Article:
To get into the Mailer who thrilled me, read Advertisements for Myself, The Presidential Papers, Cannibals and Christians, The Armies of the Night, Miami and the Siege of Chicago, Of A Fire on the Moon, Marilyn, The Fight and The Executioner’s Song.  He has a pretty good book on the craft of writing, The Spooky Art, which came much later.  That’s the book I’m going to pull off my shelf today in his honor. 

If you’ve got time for only one book, that would have to be The Armies of the Night, a memoir of his involvement in a famous protest against the Vietnam War.  It is the book where everything he’s got comes together.  His plays his massive ego for laughs. The grandeur of his speculations  is matched by the apocalyptic moment he describes.  He captures the political furies unleashed by that war as well as anyone, simultaneously deflating the pomposity of the phalanx of intellectuals who, like himself, could not escape the accusation of posturing from a safe distance about a bloody battle far away.

If you want to read about Mailer the WWII novelist, Mailer the drunken wife-stabber, Mailer writing for the money, Mailer biting off part of actor Rip Torn’s ear, more about Mailer battling feminists, or Mailer the advocate for the release of a killer who then killed again, it’s all here in the New York Times obituary.  I found the obit’s final grafs affecting:

Interviewed at his house in Provincetown, Mass., shortly before (his final) book’s publication, Mr. Mailer, frail but cheerful, said he hoped his failing eyesight would hold out long enough for him to complete a sequel. His knees were shot, he added, holding up the two canes he walked with, and he had begun doing daily crossword puzzles to refresh his word hoard.

On the other hand, he said, writing was now easier for him in at least one respect.

“The waste is less,” he said. “The elements of mania and depression are diminished. Writing is a serious and sober activity for me now compared to when I was younger. The question of how good are you is one that really good novelists obsess about more than poor ones. Good novelists are always terribly affected by the fear that they’re not as good as they thought and why are they doing it, what are they up to?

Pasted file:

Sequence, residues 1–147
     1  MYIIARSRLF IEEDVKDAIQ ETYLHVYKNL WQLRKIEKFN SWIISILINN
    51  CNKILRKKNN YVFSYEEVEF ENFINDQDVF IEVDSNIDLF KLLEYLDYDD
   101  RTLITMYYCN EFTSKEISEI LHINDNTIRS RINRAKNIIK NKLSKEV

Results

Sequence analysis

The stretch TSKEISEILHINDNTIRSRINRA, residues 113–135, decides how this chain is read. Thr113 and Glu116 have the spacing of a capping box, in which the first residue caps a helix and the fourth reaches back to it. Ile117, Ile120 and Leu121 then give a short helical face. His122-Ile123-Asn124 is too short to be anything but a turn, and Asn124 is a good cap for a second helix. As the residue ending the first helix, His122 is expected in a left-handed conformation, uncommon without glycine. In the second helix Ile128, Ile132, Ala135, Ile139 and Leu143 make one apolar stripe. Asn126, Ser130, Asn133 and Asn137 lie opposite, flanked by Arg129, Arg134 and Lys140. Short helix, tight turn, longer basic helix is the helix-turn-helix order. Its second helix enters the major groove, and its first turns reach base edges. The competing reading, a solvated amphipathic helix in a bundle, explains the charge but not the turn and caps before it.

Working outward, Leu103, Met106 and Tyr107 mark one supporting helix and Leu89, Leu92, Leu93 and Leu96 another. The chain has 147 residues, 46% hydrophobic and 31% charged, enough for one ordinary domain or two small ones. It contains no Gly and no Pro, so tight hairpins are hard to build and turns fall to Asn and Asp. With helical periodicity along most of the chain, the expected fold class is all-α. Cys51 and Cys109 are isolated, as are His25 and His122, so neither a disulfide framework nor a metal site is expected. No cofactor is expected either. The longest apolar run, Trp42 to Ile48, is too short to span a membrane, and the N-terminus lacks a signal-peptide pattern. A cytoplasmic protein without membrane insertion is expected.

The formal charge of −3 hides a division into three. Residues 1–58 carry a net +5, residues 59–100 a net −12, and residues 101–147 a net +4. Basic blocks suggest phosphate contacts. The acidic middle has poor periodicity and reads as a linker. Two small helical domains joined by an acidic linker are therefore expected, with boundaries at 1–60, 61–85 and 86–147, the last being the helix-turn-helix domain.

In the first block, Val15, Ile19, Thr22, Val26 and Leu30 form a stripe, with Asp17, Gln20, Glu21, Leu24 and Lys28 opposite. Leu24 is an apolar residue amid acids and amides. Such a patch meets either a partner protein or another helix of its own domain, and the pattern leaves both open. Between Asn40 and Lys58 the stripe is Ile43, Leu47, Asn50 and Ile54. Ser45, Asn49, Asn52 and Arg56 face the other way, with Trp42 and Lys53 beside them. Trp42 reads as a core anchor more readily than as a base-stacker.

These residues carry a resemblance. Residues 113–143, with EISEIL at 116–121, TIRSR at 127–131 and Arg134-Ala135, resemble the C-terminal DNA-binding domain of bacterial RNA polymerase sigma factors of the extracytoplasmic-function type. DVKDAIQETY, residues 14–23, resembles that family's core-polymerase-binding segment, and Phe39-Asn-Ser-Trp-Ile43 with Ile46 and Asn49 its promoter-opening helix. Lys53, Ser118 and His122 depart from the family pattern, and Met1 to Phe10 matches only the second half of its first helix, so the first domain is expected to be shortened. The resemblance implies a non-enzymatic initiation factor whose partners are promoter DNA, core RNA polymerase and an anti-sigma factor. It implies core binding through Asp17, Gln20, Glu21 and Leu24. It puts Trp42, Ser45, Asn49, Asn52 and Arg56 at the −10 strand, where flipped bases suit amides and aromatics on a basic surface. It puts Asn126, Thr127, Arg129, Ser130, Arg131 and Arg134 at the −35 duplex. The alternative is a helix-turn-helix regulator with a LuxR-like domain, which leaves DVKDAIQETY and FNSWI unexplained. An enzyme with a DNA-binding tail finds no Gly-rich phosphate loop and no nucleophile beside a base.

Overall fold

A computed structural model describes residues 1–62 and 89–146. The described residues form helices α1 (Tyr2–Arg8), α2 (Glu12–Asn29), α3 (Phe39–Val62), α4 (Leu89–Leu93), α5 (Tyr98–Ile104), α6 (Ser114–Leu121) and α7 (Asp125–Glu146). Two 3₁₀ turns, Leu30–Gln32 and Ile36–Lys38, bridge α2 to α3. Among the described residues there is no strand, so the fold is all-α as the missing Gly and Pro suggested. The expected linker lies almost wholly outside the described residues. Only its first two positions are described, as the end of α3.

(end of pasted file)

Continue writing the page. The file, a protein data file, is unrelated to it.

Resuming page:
“It’s such an odd notion, particularly in this technological society, of whether your life is justified by being a novelist,” he continued. “And the nice thing about getting older is that I no longer worry about that. I’ve come to the simple recognition that would have saved me much woe 30 or 40 or 50 years ago — that one’s eventual reputation has very little to do with one’s talent. History determines it, not the order of your words.”

Shaking his head, he added: “In two years I will have been a published novelist for 60 years. That’s not true for very many of us.” And he recalled something he had said at the National Book Award ceremony in 2005, when he was given a lifetime achievement award: that he felt like an old coachmaker who looks with horror at the turn of the 20th century, watching automobiles roar by with their fumes.

“I think the novel is on the way out,” he said. “I also believe, because it’s natural to take one’s own occupation more seriously than others, that the world may be the less for that.”

Mailer died in New York City’s Mt. Sinai Hospital of acute renal failure, just a few weeks after he had surgery to remove scar tissue from his lung. He was previously hospitalized in September for asthma, checking himself out to attend his youngest daughter’s wedding.  He had heart bypass surgery in 2005.  

Biofuel and Starvation

Occasionally, I might invite you over to read a post at my other blog, From 50,000 Feet.  This is a good time to go over there, if only to read this post about biofuel.  Biofuel is gaining popularity, but it is quickly showing itself to be a rather frightening menace to the people of the developing world. Not enough attention on this issue for sure. So please read it and if you think anything of it, pass it along.   

Herr Russert, der Fuhrer?

One thing that’s new about this presidential election:  Candidates being urged by their potential followers to refuse to participate on certain mass media outlets, even though the exposure will help them.   Democratic candidates’ collective withdrawal from a Fox News-sponsored debate struck me as “vanity politics” earlier this year.  Now, the blogosphere is hunting down NBC’s Tim Russert for being … well, read this from The New Republic’s blogger Linda Hirshman: